It can be very challenging to stay on track - to calmly look for ways to learn from a setback and develop a plan to help us restore our equilibrium.
We have to ask ourselves whether the alternative of abandoning hope is useful, especially when we compare it with what we might learn.
Resilience, optimism and the importance of self-belief
The research shows that keeping our belief in ourselves is the most important issue in resilience and optimism. But what we learn from our setbacks is a valuable added benefit.
Researchers have found that top performers in sport generally have an unsentimental approach to frank feedback. They seek it out and they have little interest in praise, because that won't lift their performance.
Top performers have a strong belief in themselves, so they don't feel they need to defend it. Inviting criticism of their performance is like creating a setback, simply for the opportunity to learn.
Seeking out feedback to improve individual and team performance
If we are turned down for job after job it's understandable that we might abandon hope, but clearly not useful.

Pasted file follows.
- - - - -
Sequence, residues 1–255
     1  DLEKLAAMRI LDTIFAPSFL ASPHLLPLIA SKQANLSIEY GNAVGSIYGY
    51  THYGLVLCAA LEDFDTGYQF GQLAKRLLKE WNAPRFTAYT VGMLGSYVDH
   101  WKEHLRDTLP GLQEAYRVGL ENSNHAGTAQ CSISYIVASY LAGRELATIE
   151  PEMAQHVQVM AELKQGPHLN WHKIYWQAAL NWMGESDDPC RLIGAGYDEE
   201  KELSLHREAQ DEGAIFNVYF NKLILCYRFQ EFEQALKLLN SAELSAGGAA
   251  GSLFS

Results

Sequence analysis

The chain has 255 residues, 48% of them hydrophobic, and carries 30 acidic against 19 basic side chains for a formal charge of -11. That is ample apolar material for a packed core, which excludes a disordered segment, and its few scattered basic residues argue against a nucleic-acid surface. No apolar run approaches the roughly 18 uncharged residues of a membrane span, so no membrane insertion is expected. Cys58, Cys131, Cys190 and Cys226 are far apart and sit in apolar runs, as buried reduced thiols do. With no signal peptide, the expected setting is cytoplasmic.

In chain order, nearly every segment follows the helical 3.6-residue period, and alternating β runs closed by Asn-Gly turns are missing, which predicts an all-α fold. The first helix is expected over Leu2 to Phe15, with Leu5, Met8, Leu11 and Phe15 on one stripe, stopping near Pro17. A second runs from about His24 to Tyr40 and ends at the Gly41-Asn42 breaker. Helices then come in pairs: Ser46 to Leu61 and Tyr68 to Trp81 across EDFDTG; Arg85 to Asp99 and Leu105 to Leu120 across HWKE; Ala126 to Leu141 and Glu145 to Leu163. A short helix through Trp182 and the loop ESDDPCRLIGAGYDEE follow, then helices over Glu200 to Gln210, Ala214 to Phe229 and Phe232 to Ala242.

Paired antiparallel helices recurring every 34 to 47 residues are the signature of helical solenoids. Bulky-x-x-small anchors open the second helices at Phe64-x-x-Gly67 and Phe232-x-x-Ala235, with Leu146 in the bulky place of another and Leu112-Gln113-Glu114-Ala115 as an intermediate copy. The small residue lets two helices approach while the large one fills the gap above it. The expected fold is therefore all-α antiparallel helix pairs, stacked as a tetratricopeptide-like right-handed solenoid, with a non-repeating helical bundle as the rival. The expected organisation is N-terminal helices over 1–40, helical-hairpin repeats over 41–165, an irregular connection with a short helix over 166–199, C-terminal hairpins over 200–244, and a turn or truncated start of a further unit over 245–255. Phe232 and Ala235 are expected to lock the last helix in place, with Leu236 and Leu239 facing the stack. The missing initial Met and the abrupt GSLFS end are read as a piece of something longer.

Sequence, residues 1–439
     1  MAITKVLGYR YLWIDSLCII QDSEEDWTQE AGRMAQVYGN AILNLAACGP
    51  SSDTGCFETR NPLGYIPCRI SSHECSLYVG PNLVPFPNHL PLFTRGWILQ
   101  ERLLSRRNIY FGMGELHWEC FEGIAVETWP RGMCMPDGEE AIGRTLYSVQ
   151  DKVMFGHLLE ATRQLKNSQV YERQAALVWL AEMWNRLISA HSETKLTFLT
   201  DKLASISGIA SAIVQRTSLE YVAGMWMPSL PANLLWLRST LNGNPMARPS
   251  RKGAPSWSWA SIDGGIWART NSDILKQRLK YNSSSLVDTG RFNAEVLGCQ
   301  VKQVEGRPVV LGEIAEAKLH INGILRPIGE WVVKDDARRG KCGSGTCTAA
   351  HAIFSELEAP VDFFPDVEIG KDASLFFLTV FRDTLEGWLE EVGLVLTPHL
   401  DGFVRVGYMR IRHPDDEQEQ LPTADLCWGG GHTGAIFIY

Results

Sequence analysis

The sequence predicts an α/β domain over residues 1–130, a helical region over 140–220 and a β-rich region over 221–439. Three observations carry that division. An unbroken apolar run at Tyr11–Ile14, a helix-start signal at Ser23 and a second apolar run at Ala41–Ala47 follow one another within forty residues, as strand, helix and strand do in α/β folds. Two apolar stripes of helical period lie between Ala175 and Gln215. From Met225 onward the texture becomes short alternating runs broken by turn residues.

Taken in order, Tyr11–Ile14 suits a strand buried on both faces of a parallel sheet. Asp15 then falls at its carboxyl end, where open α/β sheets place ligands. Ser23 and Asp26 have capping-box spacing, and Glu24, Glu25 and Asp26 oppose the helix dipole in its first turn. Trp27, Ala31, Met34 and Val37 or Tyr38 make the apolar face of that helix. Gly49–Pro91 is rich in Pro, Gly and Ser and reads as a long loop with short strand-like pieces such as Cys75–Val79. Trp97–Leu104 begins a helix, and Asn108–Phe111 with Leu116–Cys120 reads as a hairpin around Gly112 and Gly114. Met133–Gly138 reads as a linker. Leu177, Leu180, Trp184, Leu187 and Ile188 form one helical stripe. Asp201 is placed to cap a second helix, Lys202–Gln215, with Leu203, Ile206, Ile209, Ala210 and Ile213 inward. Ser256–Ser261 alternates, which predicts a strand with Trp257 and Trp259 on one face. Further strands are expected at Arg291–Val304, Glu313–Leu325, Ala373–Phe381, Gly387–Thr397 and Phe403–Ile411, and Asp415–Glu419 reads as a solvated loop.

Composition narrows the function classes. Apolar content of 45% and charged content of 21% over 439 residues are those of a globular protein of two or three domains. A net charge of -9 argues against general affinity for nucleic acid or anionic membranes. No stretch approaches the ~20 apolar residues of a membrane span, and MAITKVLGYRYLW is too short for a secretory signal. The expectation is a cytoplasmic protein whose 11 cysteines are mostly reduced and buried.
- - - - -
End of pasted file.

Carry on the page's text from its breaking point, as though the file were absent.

Is there something we could learn by calling the last people who interviewed us and asking for suggestions for next time? We may not like what we hear, but it could provide us with the breakthrough. It's the same for proposals and business cases that don't generate the interest we expected.
If your sales are down ensure the whole team looks for what you can all learn from each setback and develop a plan. Keep updating the plan as your learning continues.
Self-belief, feedback and our personal relationships
We can use the same ideas in our relationships.
Let's say we have agreed to argue more constructively and have developed some specific rules, and then have a major row. We can reflect on what went wrong and learn from it, rather than assume that the relationship is unsalvageable.
Psychologists have found that taking that long-term view combined with generous goodwill are outstanding features of successful intimate relationships. It's surely the same for people who work together.
(Those thoughts are from the commentary section of my book 'The Village That Could - the 15 ways to develop your resilience'. It's mostly a fable to make the ideas memorable. The commentary provides some suggestions on putting the 15 ways into action.)